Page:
Wednesday, August 4

Nationhood And “The Root Of All Evil”

I recently told my Beguine editor, Terri Stewart, that, because I regarded the re-election of Trump as quite likely, I considered politics a dead subject for leftists / progressives, at least for the near- and medium-term future, and that I would henceforth write about science, art, philosophy, in other words, anything except politics. I had every intention of abiding by that resolution until I read a column by Hugh Hewitt in the Washington Post of April 27 exulting in his prediction – which, to repeat, is probably accurate – that Trump would not only win the election in 2020, but that the election would not even be “close” (Hewitt’s word, not mine). The reasons Hewitt cites for that prediction, while factually accurate, go straight to the heart of what it means to be a nation – and, in particular, of what it means to be the nation known as the United States of America – because Hewitt’s reasoning reduces nationhood to a mere calculus of economic factors – a reasoning that would argue in favor of voting for Adolf Hitler and the National Socialists in Germany prior to the invasion of Poland in 1939. (To answer your next question, yes, I am aware of Godwin’s Law, and my reciprocal question to you is whether you realize the extent to which objections based on Godwin’s Law serve as a mere substitute for actual thinking. Citing Godwin’s Law is a mere excuse for laziness.) Consider the following parallels, and while doing so, bear in mind the question “Is this really all we are about as a Nation – GDP, wage growth, unemployment, and material / financial prosperity?”:

o GDP diminishment and growth:  1913 – 1939

To get some idea of the chaos that pre-National-Socialist German governments, and Hitler after them,  inherited upon the November Truce of 1918, look at the tables and charts of GDP here. The accompanying text is illuminating, but the tables and charts are more succinct summarizations. In 1918, Germany was a nation in ruins, being crushed under the merciless boot of the victorious Allies, including the United States, by the war reparations required by the Treat of Versailles. Churchill was widely misquoted as saying that “the Huns” (World War I parlance) are always at your feet or at your throat. The charts in the linked article give a vivid picture of the former alternative.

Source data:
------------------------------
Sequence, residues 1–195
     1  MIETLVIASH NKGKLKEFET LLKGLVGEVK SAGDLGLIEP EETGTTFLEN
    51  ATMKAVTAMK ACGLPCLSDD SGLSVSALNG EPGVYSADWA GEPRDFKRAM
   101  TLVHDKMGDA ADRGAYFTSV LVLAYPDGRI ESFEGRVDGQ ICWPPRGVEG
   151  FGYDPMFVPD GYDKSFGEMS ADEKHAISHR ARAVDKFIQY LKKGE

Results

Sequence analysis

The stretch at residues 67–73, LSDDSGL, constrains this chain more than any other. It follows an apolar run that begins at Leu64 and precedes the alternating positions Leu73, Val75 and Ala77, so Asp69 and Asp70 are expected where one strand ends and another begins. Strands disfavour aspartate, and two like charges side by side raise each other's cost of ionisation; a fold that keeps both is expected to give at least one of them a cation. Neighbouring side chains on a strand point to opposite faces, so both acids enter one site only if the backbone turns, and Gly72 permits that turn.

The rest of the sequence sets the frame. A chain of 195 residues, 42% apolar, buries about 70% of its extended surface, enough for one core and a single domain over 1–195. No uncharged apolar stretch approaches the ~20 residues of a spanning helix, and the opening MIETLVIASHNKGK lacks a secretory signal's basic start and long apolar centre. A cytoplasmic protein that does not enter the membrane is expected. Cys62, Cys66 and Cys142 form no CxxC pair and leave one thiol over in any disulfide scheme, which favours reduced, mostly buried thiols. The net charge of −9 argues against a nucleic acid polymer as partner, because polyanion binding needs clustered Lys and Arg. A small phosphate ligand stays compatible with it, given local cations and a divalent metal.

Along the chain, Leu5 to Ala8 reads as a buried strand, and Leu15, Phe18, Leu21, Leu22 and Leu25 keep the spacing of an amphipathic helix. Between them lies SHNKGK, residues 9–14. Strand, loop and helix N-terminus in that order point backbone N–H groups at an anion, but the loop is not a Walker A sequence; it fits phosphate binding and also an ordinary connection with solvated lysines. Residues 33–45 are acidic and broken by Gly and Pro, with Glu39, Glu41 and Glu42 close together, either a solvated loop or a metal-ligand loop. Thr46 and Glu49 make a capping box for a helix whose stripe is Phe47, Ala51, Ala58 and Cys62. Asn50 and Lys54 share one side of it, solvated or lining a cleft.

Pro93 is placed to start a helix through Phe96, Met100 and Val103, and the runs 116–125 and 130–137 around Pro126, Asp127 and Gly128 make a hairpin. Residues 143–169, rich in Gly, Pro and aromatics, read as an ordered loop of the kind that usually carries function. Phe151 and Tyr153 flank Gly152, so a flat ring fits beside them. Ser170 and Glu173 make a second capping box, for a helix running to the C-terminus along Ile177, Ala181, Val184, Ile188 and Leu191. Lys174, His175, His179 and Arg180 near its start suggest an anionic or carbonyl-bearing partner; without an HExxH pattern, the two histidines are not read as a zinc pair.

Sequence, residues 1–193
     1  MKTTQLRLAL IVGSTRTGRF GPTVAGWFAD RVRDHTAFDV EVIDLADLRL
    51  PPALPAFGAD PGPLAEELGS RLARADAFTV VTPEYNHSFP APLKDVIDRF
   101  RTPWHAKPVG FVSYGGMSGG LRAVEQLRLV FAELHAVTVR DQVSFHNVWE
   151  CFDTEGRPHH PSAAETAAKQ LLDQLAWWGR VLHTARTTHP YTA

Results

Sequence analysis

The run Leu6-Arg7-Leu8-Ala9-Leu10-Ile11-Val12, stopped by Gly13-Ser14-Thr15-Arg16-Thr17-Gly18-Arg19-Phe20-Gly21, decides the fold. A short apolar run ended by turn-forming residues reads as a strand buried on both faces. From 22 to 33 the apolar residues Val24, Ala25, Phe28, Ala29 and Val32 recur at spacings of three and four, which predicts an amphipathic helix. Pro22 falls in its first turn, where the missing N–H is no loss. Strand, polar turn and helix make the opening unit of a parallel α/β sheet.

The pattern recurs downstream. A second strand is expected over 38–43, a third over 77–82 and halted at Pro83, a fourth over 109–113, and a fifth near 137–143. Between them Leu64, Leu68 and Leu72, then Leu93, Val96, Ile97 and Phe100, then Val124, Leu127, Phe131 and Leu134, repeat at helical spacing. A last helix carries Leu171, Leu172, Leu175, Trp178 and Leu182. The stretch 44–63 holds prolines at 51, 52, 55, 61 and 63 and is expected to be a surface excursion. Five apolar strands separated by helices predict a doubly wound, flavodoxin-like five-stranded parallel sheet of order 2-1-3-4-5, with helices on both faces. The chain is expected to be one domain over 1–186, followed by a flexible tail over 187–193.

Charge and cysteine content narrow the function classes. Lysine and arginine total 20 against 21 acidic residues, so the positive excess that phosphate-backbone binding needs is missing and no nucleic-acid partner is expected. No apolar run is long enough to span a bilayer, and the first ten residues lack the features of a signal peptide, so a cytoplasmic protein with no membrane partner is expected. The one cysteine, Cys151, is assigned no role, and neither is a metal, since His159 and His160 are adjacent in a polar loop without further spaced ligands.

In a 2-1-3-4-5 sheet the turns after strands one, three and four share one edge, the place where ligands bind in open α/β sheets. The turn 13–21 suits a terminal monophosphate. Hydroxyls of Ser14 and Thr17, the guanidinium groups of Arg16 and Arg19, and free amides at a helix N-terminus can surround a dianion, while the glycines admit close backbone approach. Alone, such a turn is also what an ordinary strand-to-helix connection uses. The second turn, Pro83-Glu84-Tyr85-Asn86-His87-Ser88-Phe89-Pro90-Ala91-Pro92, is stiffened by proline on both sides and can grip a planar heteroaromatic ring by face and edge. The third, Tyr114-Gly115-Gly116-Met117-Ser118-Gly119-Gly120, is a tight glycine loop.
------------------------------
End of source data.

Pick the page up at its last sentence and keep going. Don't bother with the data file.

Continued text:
Compare those charts of Germany’s economy immediately after World War I with the spectacular recovery of the economy after the advent of a National Socialist government in 1933, when Hitler was appointed Reichskanzler (Reich Chancellor). The Allies, led by the United States, formulated the Dawes Plan of 1924 to restructure Germany’s reparations debt under the Versailles Treaty, in order to alleviate the effects of the horrific hyper-inflation of 1923 in the Weimar Republic. The Dawes Plan worked pretty much as advertised – until the stock market crash of 1929 initiated the Great Recession, and the US had to stop loaning Germany money. That resulted in a corresponding recession in Germany that was, if anything, even more severe than its US counterpart because the German economy, unlike that of the United States, was already depleted by the recently concluded war. (Hence the French and Belgian armies’ march into Germany in 1923 to occupy the industrial heartland of the Ruhr Valley in lieu of reparations payments.) As the GDP bar chart shows, Germany experienced GDP decrease in the low negative single digits to the high negative single digits between 1929 and 1932.

But beginning in 1933 – the year President Hindenburg appointed Hitler Reichskanzler – the German economy experienced skyrocket levels of growth in the positive high-single- and positive low-double-digits range. The dirty little secret of the “German miracle” of the early 30s, of course, is that this growth was fueled by spending, at first clandestine, later quite open, on military armaments, in direct contravention of the Versailles Treaty. Hitler also mandated the building of the Volkswagen – “people’s car” – which added to the success. But the “German miracle” was largely enabled by investments in armaments. The victors of World War I, also suffering from the worldwide economic catastrophe, were not inclined to object, least of all militarily.